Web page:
Da-Jiang Zheng

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Neuropeptides coordinate complex social behaviors important to both basic and applied science. Understanding such phenomena requires supplementing the powerful tools of behavioral neuroscience with less conventional model species and more rigorous evolutionary analyses. We review studies that use comparative methods to examine the roles of vasopressin and(More)
Despite its well-described role in female affiliation, the influence of oxytocin on male pairbonding is largely unknown. However, recent human studies indicate that this nonapeptide has a potent influence on male behaviors commonly associated with monogamy. Here we investigated the distribution of oxytocin receptors (OTR) throughout the forebrain of the(More)
Arginine vasopressin (AVP) and oxytocin (OT) influence social behavior and cognitive processes and may explain some of the variance associated with individual differences in behavior. Although great focus has been placed on the roles of these peptides in learning and memory, less attention has been given to the receptors to which they bind. The authors(More)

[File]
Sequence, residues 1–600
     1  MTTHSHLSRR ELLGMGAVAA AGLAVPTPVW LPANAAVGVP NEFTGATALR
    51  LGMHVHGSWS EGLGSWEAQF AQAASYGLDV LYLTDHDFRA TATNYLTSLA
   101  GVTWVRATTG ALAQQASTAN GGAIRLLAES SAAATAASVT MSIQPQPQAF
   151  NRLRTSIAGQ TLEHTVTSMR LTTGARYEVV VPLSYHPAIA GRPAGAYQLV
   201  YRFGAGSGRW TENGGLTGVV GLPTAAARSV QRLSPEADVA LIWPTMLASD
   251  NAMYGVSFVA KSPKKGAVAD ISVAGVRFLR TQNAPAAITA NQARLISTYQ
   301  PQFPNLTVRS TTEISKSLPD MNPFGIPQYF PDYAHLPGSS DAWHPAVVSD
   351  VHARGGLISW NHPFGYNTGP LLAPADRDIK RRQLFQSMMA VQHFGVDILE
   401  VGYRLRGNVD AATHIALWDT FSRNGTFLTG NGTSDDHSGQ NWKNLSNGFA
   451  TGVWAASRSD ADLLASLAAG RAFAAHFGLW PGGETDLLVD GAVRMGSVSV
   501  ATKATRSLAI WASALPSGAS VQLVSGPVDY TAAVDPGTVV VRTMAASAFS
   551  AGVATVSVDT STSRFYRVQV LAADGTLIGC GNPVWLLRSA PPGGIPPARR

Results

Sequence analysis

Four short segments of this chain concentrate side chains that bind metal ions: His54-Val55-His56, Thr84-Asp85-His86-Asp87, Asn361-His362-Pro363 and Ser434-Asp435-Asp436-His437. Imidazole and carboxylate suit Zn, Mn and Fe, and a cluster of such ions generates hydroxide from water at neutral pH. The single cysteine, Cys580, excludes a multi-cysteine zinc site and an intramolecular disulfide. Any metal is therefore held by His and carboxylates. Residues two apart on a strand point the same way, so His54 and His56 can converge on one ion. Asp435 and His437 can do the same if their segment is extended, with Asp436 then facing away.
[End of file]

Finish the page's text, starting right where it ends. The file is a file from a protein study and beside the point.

The decision to mate may be one of the most important decisions that animals make. For monogamous species, this decision can carry the added weight of limiting future mating opportunities. The mechanisms that govern these decisions have presumably been shaped by evolution in ways that optimize decision-making processes. In particular, a so-called social(More)
Single males might benefit from knowing the identity of neighbouring males when establishing and defending boundaries. Similarly, males should discriminate between individual females if this leads to more reproductive opportunities. Contextual social cues may alter the value of learning identity. Knowing the identity of competitors that intrude into an(More)
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